Poor Me

08 Feb

Have you ever been around someone who complains about something that makes you think (sarcastically) “Oh, poor you?” Maybe someone says,

“I’m having such a hard time deciding how to invest my lottery winnings,”

“I lost so much weight. Now I have to go to the tailor and get all my pants taken in,”

or “My spouse is so good-looking. We can’t go anywhere without people staring at us.”

Poor them.

While writing is often wrought with real problems, it also has a lot of non-problems. Like the problems above, these things may feel challenging, but with a little perspective, it is easy to tell that they really aren’t so bad. They’re the things that writers complain about that leaves the listener thinking “and the problem is…?”

This week, I’m one of those writers complaining about non-problems. I went to the SCBWI conference in New York. I heard some amazing speakers, met some very creative illustrators, exchanged cards with some focused writers, and found some inspiration. That last one, as I shared in the last post, has left me with a bit of a problem. I have more motivation than I do time to work. Poor me, I know.

Renee said

You nailed the return to earth story that happens when mommy writers get a reprieve from their daily moorings.  The lack of gravity has given your writing some levity… Hug your baby, but don’t let go of what that spaceflight gave you either!

To help us all “hug our baby” (be thankful for what we have) while not letting go of what “that spaceflight” (inspiration) gave us, below is a list of non-problems and some links to provide a little perspective:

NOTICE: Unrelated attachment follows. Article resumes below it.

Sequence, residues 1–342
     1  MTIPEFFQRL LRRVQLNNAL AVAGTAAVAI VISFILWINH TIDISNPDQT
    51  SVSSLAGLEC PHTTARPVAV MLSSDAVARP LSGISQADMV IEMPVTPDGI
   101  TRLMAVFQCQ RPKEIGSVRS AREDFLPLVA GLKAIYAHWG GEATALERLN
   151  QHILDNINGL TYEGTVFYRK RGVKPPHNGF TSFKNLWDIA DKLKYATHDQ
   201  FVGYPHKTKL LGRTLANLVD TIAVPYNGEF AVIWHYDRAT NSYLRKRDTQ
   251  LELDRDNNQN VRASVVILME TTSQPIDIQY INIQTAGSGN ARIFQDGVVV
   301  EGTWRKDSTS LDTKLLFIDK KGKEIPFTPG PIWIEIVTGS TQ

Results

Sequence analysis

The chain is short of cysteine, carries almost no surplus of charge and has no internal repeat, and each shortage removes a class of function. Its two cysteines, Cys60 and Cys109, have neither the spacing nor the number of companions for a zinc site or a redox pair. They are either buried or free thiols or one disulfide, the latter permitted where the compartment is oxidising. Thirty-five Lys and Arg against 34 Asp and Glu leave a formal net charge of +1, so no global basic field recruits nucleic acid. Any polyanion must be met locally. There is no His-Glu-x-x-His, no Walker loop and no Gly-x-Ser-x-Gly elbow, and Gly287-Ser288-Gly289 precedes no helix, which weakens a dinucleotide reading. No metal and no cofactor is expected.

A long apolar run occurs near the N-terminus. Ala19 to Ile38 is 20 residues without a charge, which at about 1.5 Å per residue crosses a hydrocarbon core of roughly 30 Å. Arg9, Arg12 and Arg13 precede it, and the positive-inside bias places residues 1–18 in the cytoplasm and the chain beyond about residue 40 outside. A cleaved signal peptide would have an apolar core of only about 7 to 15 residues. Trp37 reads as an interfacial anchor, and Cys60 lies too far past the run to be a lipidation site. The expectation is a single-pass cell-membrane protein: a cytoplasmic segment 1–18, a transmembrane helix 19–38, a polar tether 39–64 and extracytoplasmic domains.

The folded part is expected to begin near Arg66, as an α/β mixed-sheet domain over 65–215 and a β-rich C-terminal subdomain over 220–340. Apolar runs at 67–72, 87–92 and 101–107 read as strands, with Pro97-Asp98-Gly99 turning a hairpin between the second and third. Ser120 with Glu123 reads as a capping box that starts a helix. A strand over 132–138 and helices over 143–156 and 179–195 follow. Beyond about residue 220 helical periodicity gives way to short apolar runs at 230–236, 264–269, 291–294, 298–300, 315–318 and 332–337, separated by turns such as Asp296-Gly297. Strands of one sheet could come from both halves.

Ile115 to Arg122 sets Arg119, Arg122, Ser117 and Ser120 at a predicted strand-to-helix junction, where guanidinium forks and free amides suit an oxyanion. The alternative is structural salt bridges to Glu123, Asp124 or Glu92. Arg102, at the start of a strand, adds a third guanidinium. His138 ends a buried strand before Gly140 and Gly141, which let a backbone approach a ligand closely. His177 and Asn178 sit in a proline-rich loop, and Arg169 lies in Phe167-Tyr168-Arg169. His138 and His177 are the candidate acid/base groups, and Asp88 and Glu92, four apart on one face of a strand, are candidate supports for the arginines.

There are too many resources for writers.

Rachelle Burk’s website categorizes the resources and makes them easier to navigate:

Inspiration is everywhere.

Kim Tomsic has a list of specific places to look if you need help opening your eyes:

Because of self-publishing, anyone can publish a book.

NPR’s All Things Considered talks about why this is a good thing:

Writing rules are unwritten.

This means writers have almost complete freedom. But there are guidelines to writing well:

Writing is lonely, solitary work.

But as such, gives us the power to look deep within ourselves without distractions:

Traditional publishing is too subjective.

That means to get published I have to find an editor and/or agent who loves and believes in my work as much as I do.

Writing is hard work!

And so worth it:

I’ll continue to face these writing challenges as long as I also get to enjoy the perks!



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Posted by on February 8, 2013 in Inspiration and Ideas


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